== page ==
That kind of typos immediately reminds me of Martha and her persistence. Imagine living in terror just by seeing that kind of email popping up on your screen every minute; that must feel horrible. It makes Donny feel like living in a haunted house with a ghost that constantly harasses him with a sinister presence. However, that’s not the only ghost that keeps haunting him.

Martha pops in every situation uninvited. She’ll walk into the bar, heckle him in his stand-up routines, and wait for him at the bus stop. Her presence practically shadows him. Yet, her existence only unravels bigger trauma that looms over Donny’s days.

Midway into the mini-series, Donny reveals another flash-back, even further than the stalker’s emergence, when he’s even greener in the comedy scene. Without neglecting the predatory impact of Martha, he divulges another trauma that confuses and devastates him – making him emotionally hollow. He’s wearing the trauma as if he’s having a scarlet branding everywhere he goes. Encountering Martha only makes it even worse. Like a heat-seeking missile, the trauma always finds a way to render him powerless; that’s something that gives the stalker leverage in the power dynamic between them.

The constant feeling of fear, confusion, and shame dictates his every move, threatening his relationship with everyone he cares about – including, Teri (Nava Mau), a transgender therapist he secretly dates. Gadd‘s emotional writing, putting aside his victimized personality, gives in-depth context to why this piece is an important story to tell. Baby Reindeer feels like an outlet for him to confront his trauma and make peace with himself no matter how dire the consequences to his identity. As the writer states in his personal Instagram, the point of the story isn’t to out the predators that did him wrong.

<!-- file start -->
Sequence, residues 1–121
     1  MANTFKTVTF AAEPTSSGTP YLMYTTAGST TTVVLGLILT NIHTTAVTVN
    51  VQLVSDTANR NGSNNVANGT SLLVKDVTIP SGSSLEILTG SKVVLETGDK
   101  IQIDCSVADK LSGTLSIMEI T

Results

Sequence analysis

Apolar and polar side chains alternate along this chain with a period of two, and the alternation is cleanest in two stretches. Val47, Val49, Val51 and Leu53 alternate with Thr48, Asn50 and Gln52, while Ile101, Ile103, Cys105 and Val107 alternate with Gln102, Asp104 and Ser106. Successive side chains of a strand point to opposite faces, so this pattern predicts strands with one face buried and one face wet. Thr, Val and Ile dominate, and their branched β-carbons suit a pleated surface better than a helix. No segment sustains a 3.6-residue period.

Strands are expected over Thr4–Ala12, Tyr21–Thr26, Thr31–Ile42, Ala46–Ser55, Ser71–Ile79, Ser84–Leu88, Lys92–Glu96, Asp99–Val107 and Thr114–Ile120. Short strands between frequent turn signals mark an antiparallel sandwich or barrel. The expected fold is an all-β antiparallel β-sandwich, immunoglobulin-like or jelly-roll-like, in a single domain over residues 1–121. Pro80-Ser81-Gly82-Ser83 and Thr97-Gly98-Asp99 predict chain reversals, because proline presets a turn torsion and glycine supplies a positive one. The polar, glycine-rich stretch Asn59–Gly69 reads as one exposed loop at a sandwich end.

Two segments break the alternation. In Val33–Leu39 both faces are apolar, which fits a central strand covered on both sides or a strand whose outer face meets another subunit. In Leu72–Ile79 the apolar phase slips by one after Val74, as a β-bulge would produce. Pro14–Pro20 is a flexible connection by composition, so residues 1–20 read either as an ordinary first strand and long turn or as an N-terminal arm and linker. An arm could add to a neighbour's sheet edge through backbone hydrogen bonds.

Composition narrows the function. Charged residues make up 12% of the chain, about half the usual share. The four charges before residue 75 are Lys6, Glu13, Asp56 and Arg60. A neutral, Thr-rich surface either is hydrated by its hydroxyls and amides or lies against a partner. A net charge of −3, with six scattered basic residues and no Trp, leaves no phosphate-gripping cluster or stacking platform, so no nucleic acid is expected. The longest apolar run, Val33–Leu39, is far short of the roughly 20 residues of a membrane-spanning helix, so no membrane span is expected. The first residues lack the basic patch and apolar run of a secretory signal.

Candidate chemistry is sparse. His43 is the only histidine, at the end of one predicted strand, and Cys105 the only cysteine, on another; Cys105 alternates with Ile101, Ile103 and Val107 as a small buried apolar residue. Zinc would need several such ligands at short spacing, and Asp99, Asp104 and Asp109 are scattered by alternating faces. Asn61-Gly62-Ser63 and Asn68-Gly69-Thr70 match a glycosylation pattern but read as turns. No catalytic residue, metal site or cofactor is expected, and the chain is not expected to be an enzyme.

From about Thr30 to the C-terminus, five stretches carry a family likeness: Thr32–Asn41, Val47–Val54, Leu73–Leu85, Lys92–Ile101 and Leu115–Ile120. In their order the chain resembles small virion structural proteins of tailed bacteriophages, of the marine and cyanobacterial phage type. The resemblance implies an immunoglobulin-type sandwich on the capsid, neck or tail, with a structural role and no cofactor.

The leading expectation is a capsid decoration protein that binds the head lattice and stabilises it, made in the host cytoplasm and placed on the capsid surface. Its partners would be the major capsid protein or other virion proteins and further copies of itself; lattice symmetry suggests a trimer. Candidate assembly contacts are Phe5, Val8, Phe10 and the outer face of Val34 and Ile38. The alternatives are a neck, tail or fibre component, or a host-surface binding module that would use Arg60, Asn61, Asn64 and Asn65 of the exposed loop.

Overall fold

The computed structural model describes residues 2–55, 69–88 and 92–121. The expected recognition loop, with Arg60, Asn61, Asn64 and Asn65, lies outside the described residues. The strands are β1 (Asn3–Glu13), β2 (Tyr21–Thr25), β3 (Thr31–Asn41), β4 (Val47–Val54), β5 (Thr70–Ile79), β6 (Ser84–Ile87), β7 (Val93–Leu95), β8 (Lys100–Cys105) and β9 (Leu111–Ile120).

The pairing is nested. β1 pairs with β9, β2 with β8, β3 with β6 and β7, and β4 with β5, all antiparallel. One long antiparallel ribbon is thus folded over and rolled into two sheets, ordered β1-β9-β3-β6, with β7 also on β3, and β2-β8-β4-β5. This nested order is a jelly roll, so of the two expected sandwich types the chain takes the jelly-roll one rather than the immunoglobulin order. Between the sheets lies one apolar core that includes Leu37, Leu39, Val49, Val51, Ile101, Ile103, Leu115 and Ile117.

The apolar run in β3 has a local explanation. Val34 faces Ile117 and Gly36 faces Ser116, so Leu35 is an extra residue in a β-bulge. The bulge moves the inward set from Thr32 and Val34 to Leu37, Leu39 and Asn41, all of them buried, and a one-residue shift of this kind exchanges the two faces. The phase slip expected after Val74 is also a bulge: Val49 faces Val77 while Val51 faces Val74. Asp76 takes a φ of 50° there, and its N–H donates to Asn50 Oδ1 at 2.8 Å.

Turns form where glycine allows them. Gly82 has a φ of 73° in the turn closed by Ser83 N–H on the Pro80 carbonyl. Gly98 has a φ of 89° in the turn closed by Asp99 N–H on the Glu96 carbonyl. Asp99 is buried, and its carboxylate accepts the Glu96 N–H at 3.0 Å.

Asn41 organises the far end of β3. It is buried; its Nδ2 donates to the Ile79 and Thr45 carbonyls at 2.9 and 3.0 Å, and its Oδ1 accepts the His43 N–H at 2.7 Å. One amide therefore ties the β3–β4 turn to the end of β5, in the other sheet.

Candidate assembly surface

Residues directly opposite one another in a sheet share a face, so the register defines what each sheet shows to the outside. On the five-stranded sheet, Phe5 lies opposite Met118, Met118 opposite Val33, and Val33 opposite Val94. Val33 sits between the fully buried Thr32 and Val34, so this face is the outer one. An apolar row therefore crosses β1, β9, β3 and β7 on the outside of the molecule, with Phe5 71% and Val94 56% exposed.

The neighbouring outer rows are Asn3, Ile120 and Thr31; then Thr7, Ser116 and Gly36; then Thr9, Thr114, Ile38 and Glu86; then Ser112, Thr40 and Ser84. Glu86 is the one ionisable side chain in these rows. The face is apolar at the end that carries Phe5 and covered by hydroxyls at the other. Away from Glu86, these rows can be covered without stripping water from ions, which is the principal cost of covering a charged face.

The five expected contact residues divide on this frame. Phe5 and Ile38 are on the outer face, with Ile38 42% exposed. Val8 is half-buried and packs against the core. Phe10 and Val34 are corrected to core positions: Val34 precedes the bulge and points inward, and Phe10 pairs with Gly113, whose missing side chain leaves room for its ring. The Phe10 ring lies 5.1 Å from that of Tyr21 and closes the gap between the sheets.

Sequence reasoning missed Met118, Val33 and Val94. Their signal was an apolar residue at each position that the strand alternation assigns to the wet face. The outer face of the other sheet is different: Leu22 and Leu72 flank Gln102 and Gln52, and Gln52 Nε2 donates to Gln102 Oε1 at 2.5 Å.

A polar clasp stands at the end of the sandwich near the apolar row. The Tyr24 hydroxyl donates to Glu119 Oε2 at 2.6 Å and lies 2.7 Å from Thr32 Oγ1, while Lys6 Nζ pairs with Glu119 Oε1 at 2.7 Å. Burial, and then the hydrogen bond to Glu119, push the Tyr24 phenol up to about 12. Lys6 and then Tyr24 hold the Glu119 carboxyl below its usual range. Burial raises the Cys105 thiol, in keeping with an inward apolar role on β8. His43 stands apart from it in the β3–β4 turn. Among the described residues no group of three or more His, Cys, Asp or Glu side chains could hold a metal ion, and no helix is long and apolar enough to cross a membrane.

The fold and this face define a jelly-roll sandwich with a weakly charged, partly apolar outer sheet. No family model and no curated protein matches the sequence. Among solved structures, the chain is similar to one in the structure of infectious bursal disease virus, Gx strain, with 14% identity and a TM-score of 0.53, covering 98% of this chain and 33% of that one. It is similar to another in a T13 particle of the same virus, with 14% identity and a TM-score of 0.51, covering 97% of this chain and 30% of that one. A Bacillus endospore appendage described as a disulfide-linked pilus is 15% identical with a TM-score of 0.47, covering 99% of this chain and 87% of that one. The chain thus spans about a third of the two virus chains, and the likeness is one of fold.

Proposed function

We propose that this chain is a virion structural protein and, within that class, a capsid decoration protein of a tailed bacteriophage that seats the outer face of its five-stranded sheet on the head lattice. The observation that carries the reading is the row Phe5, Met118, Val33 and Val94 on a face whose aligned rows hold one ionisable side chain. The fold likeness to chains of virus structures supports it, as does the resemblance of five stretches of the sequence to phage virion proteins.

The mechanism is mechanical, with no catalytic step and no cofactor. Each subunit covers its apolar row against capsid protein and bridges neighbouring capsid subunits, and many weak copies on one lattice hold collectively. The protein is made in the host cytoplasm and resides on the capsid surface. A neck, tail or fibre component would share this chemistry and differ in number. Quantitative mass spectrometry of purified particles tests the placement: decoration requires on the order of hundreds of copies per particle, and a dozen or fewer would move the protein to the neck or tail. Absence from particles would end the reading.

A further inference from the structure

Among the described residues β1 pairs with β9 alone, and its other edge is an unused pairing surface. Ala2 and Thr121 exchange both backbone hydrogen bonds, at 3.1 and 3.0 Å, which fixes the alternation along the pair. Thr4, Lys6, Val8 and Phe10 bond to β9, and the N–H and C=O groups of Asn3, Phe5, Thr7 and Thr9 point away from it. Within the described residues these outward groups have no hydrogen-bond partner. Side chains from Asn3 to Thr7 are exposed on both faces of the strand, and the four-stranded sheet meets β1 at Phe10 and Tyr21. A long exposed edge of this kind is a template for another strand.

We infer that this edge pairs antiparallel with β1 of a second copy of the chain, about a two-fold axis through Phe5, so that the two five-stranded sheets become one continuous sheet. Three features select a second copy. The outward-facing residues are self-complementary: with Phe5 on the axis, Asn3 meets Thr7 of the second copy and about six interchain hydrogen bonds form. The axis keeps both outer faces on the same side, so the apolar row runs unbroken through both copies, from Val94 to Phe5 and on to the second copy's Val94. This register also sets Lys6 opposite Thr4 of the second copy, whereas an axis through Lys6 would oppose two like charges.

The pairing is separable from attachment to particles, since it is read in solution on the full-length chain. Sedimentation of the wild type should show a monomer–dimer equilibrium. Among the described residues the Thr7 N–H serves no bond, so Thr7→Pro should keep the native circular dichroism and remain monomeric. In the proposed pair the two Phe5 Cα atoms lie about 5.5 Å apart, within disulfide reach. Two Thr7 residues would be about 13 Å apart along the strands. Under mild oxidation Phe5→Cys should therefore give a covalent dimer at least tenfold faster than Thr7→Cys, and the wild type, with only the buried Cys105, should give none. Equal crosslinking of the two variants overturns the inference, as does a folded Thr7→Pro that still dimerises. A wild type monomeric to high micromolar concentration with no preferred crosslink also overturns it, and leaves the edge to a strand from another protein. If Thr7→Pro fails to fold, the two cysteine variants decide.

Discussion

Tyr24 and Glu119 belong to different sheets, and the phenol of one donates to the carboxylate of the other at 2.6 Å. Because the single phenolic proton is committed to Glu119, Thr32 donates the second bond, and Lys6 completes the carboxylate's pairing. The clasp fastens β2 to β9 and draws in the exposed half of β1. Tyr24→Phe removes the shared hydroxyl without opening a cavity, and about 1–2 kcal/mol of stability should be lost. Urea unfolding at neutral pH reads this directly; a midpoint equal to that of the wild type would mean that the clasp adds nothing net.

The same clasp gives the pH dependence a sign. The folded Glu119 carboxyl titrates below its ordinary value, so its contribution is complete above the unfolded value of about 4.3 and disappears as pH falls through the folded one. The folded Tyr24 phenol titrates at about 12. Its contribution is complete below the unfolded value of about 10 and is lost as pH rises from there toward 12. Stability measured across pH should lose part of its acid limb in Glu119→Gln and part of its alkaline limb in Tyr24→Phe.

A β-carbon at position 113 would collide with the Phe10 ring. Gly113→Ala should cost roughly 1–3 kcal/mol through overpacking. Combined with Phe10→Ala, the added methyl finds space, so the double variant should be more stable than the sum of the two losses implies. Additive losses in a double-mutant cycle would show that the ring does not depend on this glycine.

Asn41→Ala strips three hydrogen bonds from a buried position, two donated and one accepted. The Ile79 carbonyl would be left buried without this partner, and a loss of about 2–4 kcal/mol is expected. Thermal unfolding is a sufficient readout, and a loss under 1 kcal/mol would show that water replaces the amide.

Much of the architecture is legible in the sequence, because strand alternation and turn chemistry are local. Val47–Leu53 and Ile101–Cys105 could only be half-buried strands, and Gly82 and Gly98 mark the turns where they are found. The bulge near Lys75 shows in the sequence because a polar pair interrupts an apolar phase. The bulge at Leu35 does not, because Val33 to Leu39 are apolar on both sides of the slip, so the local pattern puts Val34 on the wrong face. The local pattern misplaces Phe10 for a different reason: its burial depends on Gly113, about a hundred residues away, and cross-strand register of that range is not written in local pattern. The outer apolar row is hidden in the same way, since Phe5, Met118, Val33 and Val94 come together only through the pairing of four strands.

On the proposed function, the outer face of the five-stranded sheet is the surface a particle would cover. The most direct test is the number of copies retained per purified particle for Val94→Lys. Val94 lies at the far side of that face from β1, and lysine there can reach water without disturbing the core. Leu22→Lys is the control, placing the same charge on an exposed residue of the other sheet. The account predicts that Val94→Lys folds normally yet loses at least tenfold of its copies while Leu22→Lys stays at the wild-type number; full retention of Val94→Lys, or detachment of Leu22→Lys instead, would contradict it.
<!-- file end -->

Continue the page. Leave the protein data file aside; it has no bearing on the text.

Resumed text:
As the story wraps, I learn that Gadd‘s story is essentially a tale of how the cycle of abuse keeps ruining other lives. What happens to Donny and, as we eventually learn, Martha is a product of abuse that keeps repeating itself. Even the title is a past remnant of the bleak reality that might happen to everyone. However, this isn’t a story of revenge; this is a courageous confrontation that never takes the subject matter lightly – even when it’s still a tough-watch.

Verdict: Baby Reindeer is a dark yet funny channel for the writer-cum-star, Richard Gadd, to confront his trauma for being abused and stalked for years and to acknowledge his agency in the ordeals. It’s like catching a heat-seeking trauma missile by hands — tough but alluring.